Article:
I understand GS are trying to move towards a European style marking system, but its coming off as inconsistent and its punishing games that dont deserve it.

Avatar image for Decessus

@dbene I don't think a five star system would be much better than a numbers based system. In my opinion, the problem is trying to place an objective score (of any kind) on an ultimately subjective experience.I like how Kotaku reviews their games. In the main area they have their full review. Then on a side bar they highlight a couple of things they liked about the game and a couple of things they didn't. They still recommend whether you should buy the game or not, but I think that is better than trying to place an objective score on the game.

Avatar image for neotheinstein

<< LINK REMOVED >> everybody has the right to his own opinion.

Avatar image for sleepnsurf

@codymcclain14 Maybe because the game is better in a lot of ways and worse in other aspects. When have you seen reviews of sequels jump 1-3 points? Rarely as they usually drop in score.

Avatar image for codymcclain14

In general, Gamespot's reviews are bad. It seems like they send a COD freak to review Sport's games. Or the other way around, etc".

Avatar image for Ravensmash

Great score! Good review and after playing the demo I feel I'll enjoy this!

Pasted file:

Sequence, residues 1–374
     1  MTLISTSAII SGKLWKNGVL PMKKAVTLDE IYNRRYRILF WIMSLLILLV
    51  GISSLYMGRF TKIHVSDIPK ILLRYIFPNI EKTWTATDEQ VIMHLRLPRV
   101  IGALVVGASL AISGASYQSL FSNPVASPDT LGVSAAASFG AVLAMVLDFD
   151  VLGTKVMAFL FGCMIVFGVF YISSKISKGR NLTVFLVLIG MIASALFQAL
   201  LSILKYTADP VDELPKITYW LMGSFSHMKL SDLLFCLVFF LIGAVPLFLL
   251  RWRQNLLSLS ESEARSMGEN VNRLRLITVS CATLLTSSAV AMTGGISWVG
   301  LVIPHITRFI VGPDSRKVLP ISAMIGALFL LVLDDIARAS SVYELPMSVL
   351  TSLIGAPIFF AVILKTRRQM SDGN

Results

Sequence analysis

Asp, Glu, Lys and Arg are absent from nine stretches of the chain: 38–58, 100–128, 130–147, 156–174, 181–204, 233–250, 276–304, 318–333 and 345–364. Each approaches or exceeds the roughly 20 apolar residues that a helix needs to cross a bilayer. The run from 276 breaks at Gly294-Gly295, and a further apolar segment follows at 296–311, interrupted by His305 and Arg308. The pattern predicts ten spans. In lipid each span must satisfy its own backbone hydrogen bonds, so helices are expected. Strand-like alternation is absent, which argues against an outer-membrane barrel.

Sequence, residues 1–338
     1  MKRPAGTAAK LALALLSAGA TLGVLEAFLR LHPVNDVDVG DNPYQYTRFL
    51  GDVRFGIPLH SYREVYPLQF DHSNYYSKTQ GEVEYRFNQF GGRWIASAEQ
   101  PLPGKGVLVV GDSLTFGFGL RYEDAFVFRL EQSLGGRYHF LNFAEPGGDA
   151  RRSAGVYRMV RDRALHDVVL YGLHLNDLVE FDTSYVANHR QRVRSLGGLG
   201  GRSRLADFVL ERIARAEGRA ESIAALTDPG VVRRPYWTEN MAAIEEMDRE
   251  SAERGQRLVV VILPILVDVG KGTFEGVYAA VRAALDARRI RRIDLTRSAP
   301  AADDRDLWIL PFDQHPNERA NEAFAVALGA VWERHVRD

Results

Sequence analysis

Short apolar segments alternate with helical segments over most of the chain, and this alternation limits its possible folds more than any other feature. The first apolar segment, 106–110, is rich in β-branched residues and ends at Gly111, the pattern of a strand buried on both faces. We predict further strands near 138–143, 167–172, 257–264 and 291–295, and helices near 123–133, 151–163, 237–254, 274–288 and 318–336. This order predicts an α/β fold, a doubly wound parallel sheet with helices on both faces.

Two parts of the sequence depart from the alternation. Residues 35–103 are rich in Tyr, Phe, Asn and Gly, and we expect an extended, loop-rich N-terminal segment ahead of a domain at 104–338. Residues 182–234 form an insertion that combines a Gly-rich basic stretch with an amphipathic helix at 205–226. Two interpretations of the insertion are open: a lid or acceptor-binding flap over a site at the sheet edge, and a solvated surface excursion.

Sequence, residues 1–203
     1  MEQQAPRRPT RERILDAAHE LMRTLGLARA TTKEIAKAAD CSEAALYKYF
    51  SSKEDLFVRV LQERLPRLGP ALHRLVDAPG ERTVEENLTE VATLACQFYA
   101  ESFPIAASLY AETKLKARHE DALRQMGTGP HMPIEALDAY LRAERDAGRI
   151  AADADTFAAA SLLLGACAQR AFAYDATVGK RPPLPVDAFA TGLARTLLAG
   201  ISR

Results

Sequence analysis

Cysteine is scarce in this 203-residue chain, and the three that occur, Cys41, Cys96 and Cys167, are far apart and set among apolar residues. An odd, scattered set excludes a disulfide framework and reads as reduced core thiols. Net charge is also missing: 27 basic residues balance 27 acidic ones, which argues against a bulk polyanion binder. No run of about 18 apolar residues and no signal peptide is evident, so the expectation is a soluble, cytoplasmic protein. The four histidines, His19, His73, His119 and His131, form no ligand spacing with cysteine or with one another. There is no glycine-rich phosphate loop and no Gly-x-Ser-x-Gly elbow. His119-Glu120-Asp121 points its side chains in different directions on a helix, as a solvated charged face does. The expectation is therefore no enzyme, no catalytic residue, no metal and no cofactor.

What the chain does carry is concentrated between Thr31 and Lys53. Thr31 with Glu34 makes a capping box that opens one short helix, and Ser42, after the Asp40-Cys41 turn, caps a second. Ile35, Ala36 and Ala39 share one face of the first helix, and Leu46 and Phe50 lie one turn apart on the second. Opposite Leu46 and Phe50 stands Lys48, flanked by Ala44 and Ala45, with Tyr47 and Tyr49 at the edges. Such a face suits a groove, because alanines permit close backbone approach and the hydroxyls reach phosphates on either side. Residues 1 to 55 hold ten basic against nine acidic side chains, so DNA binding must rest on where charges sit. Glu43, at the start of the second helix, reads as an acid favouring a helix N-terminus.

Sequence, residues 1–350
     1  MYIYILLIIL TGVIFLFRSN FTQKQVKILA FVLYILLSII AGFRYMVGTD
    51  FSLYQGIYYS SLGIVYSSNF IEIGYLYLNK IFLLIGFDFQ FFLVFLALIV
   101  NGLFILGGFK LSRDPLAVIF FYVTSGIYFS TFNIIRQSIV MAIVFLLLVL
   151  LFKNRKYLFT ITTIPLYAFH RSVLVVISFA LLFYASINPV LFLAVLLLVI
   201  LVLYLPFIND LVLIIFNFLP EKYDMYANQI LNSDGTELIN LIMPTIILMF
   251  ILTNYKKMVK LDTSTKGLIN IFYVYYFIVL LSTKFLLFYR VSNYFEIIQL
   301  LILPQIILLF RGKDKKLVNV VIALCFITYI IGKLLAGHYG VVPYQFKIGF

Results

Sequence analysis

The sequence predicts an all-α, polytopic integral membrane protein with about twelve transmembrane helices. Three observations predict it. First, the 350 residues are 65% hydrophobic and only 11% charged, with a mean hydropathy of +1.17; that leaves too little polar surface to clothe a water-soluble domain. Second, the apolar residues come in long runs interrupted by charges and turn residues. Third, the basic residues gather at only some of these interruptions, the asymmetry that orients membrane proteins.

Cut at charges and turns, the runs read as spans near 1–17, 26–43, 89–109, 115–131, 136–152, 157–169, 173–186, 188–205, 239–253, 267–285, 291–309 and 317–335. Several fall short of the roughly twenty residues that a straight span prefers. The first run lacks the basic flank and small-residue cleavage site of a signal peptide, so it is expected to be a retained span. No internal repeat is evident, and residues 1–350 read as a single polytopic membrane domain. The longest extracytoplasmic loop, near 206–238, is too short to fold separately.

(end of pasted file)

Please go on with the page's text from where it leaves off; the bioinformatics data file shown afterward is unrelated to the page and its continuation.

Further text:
Avatar image for gorgonaut

@dbene people can always grow up, too...

Avatar image for gorgonaut

@james_324 The reason the score makes sense is very simple: They have had ALMOST TWO YEARS to tweak and improve on 2010. Improving the game is a minimum requirement for a sequel. Just look at Assassins Creed... - AC = 8.0 - ACII = 9.0 (significant improvements) - AC Brotherhood = 8.5 (limited improvements) - AC Revelations = 8.0 (more limited improvements) - next AC game... = probably 7.5 if they keep up the pace. You can whine and complain about Gamespot not giving games the high rating YOU think they deserve, but don't call them unfair just because you can't take the time to understand them

Avatar image for james_324

@codymcclain14 ---I totally agree. UFC 2010 got an 8.0 rating and he says this game improves on it in every way! Make absolutely NO sense.

Avatar image for codymcclain14

Whoa? Why am I being "bashed" ? lol, all I was saying is that from what the review said, and what the score is, it doesn't add up? The review sounds good. but by the sound of the review, it sounds like more of an 9/10. Never said, 8 was a bad score. But I was saying that Gamespot reviews in general, doesn't make much sense.

Avatar image for sochio

i didnt like the other 2 ufc game but i played the demo of ufc 3 and its incrideble . to much fun , coll graphics , nice control . a great game .ill buyit

Avatar image for dbene

I still think a 5 star system is better than 100 point rating system, because in 100 point systems....people tend to think of it like school grades. Anything below a 70 is horrible....anything below 75 is really questionable. Where a 5.0 should be's just not. with stars everyone knows 3 stars is average.

Avatar image for ChiefOReilly

They have ruined this game, it was so well balanced in 2009, slightly less balanced in 2010 and now they have just ruined the ground game.